Hawke's Bay farmers are being urged to get behind a new biodiversity strategy aimed at restoring the variety and number of species living in the region.
For the first time in Hawke's Bay's history people and agencies involved in biodiversity, ecology and environmental work have come together to take stock of the region's biodiversity and how it can be improved.
The Hawke's Bay Regional Council's terrestrial ecologist, Keiko Hashiba, said the strategy was being launched this Thursday and interested parties were invited to come along and sign an accord committing to the strategy and its long-term vision.
"The new strategy is a great milestone for those already doing great work in the region and a gateway for others who want to be involved. The strategy is all about aligning the key agencies and connecting various groups that are working to make our environment better and allowing them to share ideas and support each other.
"We are so fortunate to have such wonderful places close by where we can directly interact with water, plants and wildlife. We have some great places in Hawke's Bay. Many have a lot of potential but just need more care and that is what the biodiversity strategy aims to do."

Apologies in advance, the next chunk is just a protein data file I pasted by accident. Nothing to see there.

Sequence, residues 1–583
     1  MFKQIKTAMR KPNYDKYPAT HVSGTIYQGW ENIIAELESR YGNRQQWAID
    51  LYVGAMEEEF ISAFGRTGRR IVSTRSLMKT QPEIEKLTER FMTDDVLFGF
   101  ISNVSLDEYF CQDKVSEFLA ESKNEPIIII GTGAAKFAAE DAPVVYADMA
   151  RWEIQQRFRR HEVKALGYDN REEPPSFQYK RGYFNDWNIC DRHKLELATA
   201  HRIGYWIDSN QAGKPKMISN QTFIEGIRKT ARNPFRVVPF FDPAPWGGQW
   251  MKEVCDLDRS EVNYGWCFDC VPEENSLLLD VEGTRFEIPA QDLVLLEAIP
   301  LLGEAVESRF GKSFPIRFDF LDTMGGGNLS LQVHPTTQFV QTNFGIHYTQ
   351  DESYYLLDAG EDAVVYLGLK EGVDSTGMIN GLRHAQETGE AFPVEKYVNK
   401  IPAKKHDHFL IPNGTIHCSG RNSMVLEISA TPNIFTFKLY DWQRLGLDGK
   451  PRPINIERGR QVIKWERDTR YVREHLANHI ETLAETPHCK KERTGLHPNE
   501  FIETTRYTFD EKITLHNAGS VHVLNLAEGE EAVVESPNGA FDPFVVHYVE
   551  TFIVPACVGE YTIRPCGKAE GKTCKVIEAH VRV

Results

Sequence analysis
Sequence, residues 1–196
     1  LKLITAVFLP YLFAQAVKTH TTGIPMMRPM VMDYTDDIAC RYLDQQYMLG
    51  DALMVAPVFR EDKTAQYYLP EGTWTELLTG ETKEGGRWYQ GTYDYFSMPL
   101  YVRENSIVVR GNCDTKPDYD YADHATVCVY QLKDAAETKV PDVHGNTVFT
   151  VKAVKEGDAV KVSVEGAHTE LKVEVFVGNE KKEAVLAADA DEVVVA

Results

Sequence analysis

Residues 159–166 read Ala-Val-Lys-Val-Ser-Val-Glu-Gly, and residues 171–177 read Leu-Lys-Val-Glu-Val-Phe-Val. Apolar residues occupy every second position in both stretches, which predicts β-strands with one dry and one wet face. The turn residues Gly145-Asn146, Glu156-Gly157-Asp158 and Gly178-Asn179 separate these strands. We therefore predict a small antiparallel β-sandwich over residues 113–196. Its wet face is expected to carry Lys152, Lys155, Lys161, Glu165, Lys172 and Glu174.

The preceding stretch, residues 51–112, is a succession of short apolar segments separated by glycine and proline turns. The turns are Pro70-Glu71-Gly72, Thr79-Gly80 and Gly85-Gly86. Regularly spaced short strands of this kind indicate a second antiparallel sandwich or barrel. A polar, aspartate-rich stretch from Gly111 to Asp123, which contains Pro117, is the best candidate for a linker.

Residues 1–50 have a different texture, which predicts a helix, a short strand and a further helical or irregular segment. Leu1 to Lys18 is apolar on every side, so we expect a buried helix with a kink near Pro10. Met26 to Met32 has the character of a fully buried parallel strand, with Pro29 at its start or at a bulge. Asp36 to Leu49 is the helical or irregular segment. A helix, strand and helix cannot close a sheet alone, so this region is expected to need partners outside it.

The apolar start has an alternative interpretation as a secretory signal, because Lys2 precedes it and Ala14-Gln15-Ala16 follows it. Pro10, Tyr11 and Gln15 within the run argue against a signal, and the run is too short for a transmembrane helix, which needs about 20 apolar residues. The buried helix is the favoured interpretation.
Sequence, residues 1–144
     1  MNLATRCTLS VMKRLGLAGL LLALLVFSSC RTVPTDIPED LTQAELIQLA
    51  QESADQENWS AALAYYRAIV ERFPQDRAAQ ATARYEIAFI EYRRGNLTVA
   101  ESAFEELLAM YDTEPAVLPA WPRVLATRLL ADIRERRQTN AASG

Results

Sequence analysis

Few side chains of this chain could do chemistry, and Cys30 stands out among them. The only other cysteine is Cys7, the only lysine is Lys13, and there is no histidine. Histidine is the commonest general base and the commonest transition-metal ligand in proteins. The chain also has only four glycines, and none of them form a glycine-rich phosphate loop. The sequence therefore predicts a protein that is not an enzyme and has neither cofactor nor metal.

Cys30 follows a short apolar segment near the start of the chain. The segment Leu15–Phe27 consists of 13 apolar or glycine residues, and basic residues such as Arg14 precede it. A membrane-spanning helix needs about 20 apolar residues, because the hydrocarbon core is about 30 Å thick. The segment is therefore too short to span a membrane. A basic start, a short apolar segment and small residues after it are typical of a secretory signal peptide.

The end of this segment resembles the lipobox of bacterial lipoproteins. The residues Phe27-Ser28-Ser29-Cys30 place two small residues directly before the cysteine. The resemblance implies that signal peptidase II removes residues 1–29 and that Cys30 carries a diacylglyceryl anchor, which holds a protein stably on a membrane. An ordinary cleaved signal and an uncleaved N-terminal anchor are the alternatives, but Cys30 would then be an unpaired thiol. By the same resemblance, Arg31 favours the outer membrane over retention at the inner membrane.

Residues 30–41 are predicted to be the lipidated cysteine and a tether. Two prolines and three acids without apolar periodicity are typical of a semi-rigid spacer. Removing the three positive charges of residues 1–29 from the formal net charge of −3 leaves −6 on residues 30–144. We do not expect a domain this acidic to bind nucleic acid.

Ms Hashiba said the success of the strategy would depend on all levels of the community working together and sharing in the responsibility to sustain biodiversity now and in the future.
"Anyone can get involved by joining an existing project or restoration group, taking action in their own backyard to improve biodiversity and getting involved in events."
Ms Hashiba said her new role will also look at developing terrestrial ecology programmes, including monitoring programmes for the region's wetlands and riparian zone. "These are all important elements that feed into and affect the biodiversity of our region."